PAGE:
Secular Left-Wing Youth on First Visit to Shomron [Pics added]
Nearly 200 youths from kibbutzim and Yesha settlements met today in the Shomron for a first-time "anti-stereotype, getting to know you" session.
The idea was the brainchild of Yoel Marshak, head of the United Kibbutz Movement's Special Activities Division. Six months ago, he phoned Bentzy Lieberman, head of the Shomron Regional Council, and the two began to discuss the merits of having the country's two ideological youth sectors get to know each other "in real life and not just based on what they see and hear on the television news."
Yigal Dilmoni, Lieberman's assistant, explained to Arutz-7, "Essentially, in the aftermath of the Second Lebanon War, we saw that these two groups were the country's two ideological groups - the way they both volunteered and offered help, and even, unfortunately, in the numbers of war casualties... The idea was to have them meet and erase the stigmas they have about each other."
Many preparatory sessions were held with teachers from both sides: "This was not simple for them, either," Dilmoni said. "They had to meet and get to know each other in advance. They also decided exactly how the meetings would proceed, what they would talk about, etc."
Some kibbutz parents refused to have their children participate, because of their ideological opposition to any Jewish presence in Judea and Samaria. There were therefore somewhat fewer than 100 kibbutz 11th-graders who met today with about 100 of their counterparts from Ulpanat (girls religious high school) Lehava in Kedumim and the boys' Yeshiva High School in Karnei Shomron.
"This was actually the first time the Education Ministry allowed schools to take their students past the Green Line," Marshak told Arutz-7.
The boys and girls separated, and made their way in two large groups to visit hilltops and communities in Samaria. They visited the community of Itamar, as well as the Gideon Observation Point and the Avri Ran Farm. The daughter of Gilad Zar, the regional security officer who was murdered by Arab terrorists in May 2001, explained to the girls why she and her family lives there, and about the historic and national bonds linking these sites with the Jewish People.
Afterwards, the four busloads of students returned to the schools, where they took part in workshops and discussion groups.
Moshe Valach, a teacher of Jewish thought and civics in the Ulpanah, told Arutz-7 that he welcomes the opportunity for his students to meet with other youth, and does not fear a "negative influence." "For one thing," he said, "this is not a religious-secular thing, but a right-left meeting... In addition, I relish the chance to have my students come to me with questions that they say they were unable to answer, and we work on them in order to broaden their education. I see this as a lever towards better learning."
"It is important for kibbutz youth to get to know the other side," the Kibbutz Movement's Marshak told Arutz-7 from the girls' high school in Kedumim, "and to see what it's like here. They were never here before! We want to create bonds between all parts of the nation; we are brothers, one people."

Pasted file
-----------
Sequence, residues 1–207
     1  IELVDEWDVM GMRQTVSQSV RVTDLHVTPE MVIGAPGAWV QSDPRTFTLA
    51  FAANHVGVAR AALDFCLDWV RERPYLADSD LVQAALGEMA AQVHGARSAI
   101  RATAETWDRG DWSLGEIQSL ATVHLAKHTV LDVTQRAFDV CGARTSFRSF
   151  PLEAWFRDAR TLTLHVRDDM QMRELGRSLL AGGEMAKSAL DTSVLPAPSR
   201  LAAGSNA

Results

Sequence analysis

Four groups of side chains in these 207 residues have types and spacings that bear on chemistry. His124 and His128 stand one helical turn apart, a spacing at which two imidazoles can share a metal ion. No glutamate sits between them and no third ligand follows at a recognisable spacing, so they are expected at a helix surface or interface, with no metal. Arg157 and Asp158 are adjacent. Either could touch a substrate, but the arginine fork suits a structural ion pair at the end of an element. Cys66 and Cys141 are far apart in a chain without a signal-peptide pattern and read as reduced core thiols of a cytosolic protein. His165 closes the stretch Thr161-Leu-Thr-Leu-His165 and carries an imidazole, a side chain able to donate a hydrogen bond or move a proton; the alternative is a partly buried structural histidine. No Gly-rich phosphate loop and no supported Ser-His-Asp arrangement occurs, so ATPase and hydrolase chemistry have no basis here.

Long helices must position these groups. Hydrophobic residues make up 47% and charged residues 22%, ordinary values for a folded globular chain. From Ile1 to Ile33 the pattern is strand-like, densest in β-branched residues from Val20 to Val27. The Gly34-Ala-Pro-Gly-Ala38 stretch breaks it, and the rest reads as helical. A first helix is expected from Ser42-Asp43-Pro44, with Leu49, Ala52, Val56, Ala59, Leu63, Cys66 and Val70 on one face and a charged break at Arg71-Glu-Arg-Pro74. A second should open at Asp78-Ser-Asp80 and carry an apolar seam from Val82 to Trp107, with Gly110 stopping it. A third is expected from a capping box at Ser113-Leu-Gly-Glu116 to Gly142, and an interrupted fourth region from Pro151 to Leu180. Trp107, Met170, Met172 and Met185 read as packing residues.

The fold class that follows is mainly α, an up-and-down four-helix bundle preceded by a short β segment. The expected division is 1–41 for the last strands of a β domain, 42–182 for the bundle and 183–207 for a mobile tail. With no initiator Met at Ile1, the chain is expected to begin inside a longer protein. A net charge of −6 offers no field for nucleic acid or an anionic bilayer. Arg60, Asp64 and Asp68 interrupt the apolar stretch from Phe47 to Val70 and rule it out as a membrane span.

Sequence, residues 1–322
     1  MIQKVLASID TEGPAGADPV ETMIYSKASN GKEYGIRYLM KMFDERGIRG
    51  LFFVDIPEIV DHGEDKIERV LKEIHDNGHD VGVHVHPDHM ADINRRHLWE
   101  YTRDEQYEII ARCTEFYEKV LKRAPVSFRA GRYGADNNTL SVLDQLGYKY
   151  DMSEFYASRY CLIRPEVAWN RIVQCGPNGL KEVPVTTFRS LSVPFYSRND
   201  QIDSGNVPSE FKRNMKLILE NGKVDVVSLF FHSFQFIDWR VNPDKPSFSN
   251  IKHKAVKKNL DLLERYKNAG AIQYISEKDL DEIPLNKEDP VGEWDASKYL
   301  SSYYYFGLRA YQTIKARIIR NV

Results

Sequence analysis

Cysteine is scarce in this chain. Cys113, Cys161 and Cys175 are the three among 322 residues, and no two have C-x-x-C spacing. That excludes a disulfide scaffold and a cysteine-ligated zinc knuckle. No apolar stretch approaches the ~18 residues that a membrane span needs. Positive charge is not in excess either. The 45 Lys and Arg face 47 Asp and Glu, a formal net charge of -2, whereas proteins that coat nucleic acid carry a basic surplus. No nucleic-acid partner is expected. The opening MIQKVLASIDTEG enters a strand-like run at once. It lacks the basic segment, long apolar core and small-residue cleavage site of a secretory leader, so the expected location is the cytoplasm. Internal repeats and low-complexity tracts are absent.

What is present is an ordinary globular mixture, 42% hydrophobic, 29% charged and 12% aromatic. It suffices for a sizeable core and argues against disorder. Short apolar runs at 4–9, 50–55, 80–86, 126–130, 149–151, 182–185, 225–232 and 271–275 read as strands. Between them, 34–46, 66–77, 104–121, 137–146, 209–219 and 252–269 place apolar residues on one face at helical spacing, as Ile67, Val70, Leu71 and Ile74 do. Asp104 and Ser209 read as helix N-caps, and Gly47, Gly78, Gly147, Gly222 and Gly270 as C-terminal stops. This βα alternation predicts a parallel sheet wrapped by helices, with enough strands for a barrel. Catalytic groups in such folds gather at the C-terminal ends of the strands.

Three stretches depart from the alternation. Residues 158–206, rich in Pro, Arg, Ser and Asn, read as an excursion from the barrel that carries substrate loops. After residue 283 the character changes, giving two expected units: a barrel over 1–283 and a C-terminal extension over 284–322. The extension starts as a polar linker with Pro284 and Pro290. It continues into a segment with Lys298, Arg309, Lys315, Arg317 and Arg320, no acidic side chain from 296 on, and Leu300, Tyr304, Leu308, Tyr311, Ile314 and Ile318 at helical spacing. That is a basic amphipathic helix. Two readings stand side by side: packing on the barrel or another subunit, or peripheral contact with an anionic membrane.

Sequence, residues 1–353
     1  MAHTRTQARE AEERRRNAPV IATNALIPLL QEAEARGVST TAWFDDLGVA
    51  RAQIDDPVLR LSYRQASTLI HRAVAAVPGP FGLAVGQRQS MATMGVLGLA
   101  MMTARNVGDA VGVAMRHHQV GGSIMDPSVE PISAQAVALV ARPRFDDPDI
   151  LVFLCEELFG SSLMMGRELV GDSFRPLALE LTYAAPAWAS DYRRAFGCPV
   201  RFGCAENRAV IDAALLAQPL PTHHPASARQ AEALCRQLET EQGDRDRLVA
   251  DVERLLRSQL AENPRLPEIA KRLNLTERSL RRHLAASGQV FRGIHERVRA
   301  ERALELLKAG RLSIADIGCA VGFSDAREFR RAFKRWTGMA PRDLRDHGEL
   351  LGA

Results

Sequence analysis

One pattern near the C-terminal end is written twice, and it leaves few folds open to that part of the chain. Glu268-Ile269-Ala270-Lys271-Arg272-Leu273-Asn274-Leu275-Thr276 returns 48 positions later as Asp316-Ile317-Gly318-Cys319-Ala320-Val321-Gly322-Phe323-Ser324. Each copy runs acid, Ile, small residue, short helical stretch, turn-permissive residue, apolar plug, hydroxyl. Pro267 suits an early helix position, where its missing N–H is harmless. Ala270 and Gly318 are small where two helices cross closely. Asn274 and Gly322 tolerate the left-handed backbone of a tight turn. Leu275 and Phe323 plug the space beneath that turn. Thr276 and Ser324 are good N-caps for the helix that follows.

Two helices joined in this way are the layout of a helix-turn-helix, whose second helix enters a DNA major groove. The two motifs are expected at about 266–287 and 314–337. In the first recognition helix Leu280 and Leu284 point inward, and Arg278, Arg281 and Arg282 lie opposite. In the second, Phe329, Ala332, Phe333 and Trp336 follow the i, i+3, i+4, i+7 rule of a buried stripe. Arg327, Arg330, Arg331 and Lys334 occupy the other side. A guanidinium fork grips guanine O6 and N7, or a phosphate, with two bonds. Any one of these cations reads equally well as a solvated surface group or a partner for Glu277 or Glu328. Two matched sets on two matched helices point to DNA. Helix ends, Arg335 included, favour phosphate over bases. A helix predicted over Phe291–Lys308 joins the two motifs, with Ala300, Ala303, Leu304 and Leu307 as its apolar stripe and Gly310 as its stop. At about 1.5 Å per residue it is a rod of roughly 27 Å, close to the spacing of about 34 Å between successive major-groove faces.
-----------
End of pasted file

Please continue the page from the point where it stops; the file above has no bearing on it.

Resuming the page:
Marshak's Past: Two Sides
Marshak has taken part in initiatives of this nature before. Before the expulsion from Gush Katif, he issued a call for all kibbutz secretariats and educational personnel to visit Gush Katif and to organize youth visits as well. "We want to listen and to talk to the residents," he said at the time, "to make our voices heard in favor of fulfillment of government decisions made in a legal and democratic way – even if they are painful - and to try to persuade them to cooperate with the implementation of the decision to evacuate in order to preserve together a Zionist state - Jewish and democratic - with a Jewish majority within recognized and secure borders. We want to embrace and to love, because we are brothers.”
After the expulsion, Marshak helped oversee volunteer work to help salvage greenhouses in Gush Katif, and rebuild some of them in their new locations.
Arutz-7 therefore asked him, "How do all these activities square with reports that you were involved in what have been called 'provocations' against Jews regarding olive-tree cutting?" (Jews of the Shomron have been accused of cutting down Arab-owned olive trees; the Jews denied it, claiming that the Arabs and/or left-wing supporters cut down the trees themselves in order to accuse the Jews.)
"Wherever there is hunger and need, I am there to help," he said.
A-7: "Yes, but it was reported that a saw was found in your car - assumedly to cut down the trees that you accused the Jews of cutting down?"
Marshak: "Do you really believe that?... My saw was used to prune the trees, not cut them down."
Asked about this seeming anomaly, Dilmoni of the Shomron Council office said, "He's a very interesting character... There were in fact some communities that didn't want to let Marshak in because of his involvement in the olive-tree incidents; there are very strong feelings here about that. But we went ahead with this because of the importance of this venture."
Marshak said he hopes to have Education Ministry-sponsored programs next year that will bring the Yesha youth on follow-up visits to his movement's many kibbutzim, such as Shfayim, Afikim, Beit HaShittah, Geva, and many more.
[Pictures provided by Besod Siach, Advancement of Dialogue Between Conflict Groups in Israel. Tel: 03-6950667]